Opinion: The never-ending stock market rally | Opinion | DW | 01.11.2017
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Opinion

Opinion: The never-ending stock market rally

Stock investors are in celebratory mood as no other asset class is doing better than equities these days. As the bull run continues breaking all-time highs virtually every week, DW's Lars Halter sees clouds emerging.

If you are visiting the Frankfurt Stock Exchange these days, there's a conspicuous absence of exuberance on the trading floor. Stock brokers sit cramped behind their desks, many of them staring silently at the screens. An occasional whisperer mixes with the mechanical click of the turning chart board, making the floor sound like an empty train station and filling the air with eerie feelings.

The strange atmosphere at Germany's main stock exchange is somewhat telling because I'm not feeling quite comfortable as well in view of the developments on the world's bourses for the good part of the last decade. In fact, I'm scared about what is going to come in the near future.

By contrast, traders at Wall Street in New York seem less afraid of the future despite an almost nine-year bull run that has sent the Dow Jones to levels not seen before. When the US blue-chip stocks index hit 20,000 points in January this year, brokers were wearing base caps with "Dow 20,000" emblazoned on them. What began at the time was a busy year for base cap producers as well as stock traders, boosting the Dow beyond 21,000 points in March, 22,000 in August and 23,000 in October. At every new all-time high, a new delivery of record-busting base caps arrived at Wall Street.

As the US index has more than tripled since the financial crisis in 2009, is it now safely set for reaching the 25,000-point mark by the end of the year, and pushing also the German Dax beyond 15,000 points? Even though this doesn't appear unrealistic, there are number of reasons why stock markets around the world are in for a major correction.

Halter Lars Kommentarbild App

DW's busines and stock market reporter Lars Halter

Firstly, stock markets have been going up for much too long, and notably, without a significant fall for quite some time. There are warning signs on the road ahead, coming from US statistics and showing that especially American stocks are trading at multiples of their average price-to-earnings ratios. The figure, comparing current stock valuations with forward earnings, has only twice been higher in the history of the Dow Jones, namely during the run up of the 1929 stock market crash and the so-called "Black Monday" crash of 1987.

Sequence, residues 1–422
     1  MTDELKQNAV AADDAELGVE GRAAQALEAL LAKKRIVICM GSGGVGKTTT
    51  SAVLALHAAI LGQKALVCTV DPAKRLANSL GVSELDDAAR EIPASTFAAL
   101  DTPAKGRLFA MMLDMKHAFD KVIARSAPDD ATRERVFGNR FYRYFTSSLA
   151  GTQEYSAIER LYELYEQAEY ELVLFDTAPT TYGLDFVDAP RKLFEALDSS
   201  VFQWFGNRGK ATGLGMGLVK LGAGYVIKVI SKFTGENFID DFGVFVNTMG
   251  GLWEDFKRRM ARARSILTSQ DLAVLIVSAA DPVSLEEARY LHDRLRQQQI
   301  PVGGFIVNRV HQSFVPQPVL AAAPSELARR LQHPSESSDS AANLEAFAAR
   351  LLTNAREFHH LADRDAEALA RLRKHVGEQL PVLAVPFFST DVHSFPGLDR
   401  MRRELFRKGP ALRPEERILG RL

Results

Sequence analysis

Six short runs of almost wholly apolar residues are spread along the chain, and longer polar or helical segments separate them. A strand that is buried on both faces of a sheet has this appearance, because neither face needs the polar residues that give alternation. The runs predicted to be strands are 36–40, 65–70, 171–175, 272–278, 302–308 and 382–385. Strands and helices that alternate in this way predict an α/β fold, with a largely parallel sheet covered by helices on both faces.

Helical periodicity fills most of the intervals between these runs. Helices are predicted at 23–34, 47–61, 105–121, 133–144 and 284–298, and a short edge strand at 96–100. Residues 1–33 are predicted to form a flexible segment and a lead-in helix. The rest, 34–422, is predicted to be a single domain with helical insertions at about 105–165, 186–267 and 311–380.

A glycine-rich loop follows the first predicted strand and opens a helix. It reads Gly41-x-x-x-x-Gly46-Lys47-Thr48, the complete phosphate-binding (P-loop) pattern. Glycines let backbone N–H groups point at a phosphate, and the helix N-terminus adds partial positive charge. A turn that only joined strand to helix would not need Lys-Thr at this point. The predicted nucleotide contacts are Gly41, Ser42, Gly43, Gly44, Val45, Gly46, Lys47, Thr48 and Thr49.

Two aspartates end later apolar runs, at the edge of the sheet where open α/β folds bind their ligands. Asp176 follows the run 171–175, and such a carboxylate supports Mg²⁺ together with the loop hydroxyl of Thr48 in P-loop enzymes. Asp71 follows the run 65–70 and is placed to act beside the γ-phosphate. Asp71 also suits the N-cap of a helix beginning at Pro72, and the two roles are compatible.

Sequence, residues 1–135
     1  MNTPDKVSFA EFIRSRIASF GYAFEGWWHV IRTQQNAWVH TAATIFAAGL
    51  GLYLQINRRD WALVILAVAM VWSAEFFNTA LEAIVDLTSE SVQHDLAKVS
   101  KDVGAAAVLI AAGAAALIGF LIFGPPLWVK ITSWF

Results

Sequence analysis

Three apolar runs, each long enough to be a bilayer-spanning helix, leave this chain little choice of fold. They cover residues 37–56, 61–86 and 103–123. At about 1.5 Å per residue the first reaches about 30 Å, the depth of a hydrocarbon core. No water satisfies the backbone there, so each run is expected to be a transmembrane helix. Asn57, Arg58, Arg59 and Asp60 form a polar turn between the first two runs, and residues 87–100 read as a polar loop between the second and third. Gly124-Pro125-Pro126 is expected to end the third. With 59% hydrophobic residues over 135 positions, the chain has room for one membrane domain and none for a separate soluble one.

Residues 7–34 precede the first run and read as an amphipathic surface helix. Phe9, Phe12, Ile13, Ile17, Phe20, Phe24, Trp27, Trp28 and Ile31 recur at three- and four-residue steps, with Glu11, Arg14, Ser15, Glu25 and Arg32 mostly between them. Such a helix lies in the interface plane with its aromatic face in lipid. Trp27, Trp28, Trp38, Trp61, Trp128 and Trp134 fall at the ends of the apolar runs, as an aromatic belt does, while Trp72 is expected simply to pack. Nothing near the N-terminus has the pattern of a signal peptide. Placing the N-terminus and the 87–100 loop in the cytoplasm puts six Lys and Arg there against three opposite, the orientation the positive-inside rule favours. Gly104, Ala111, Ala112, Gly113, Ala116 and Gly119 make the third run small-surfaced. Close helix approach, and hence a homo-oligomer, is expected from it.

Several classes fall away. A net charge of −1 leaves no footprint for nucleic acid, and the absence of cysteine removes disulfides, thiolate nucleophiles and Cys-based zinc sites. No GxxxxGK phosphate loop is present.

Another reason to worry is the fact that stock valuations are rising much faster than the economies supporting the boom. US investment legend Warren Buffet is keeping tabs of valuations versus economic growth, and the readings for this year are boding ill. A sound ratio in the opinion of the star investor would be 70 to 80 percent. But currently, equities are running 139 percent higher than gross domestic product (GDP), causing Buffett to describe the bull run as "playing with fire."

And yet, no-one has got burned along the way so far because a formidable crash needs a spark to set it on fire. I would have thought that the election of US president Donald Trump would come to be the loose cannon that crashed the gates - but not so, or even quite the contrary. Under the Trump administration, stocks are rising and rising, and that despite threats of a global trade war and, indeed, nuclear war with North Korea.

And how about Germany? The land of Europe's largest economy has seen unforeseen shocks too, e.g. billions of dollars in fines for Deutsche Bank and carmaker Volkswagen (VW) as they grapple with their past wrongdoings. Surprisingly, the DAX has kept up its steady climb, shrugging off the existential threats to some of the country's flagship companies which employ tens of thousands of Germans and investing billions every year. 

So what could really shake stock markets to the core, forcing the long-overdue correction? Most certainly for the time being, it's not monetary policy by the world's most important central banks. Just last week, the European Central Bank (ECB) has shied away from significantly tapering off its huge bond-buying program any time soon. And the US Fed, though set to raise interest rates for the third time this year in December, is light-years away from raising rates to levels that used to be normal in the past. 

As long as rates remain low, equities remain attractive, and even the stock market debuts of risky startups, such as HelloFresh at Frankfurt recently, become hotly-tipped opportunities to buy. The IPO of the food delivery service for home cooking was many times oversubscribed although the company hasn't turned a profit yet - a striking parallel to the dotcom bubble of the year 2000.

Having been a stock market reporter for DW for many years in the past, I've now grown weary of prophesizing gloom and doom for stock investors. My pessimism repeatedly caught me out to be wrong in the end. At one time, I will be right and stocks will crash. But till then, there may be a bit of time left to make a fast buck.

 

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